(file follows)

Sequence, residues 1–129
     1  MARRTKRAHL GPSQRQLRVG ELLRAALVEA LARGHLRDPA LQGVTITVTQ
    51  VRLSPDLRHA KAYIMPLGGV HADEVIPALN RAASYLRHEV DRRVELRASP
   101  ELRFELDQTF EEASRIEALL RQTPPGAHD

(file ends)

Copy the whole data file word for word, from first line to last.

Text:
Sequence, residues 1–129
     1  MARRTKRAHL GPSQRQLRVG ELLRAALVEA LARGHLRDPA LQGVTITVTQ
    51  VRLSPDLRHA KAYIMPLGGV HADEVIPALN RAASYLRHEV DRRVELRASP
   101  ELRFELDQTF EEASRIEALL RQTPPGAHD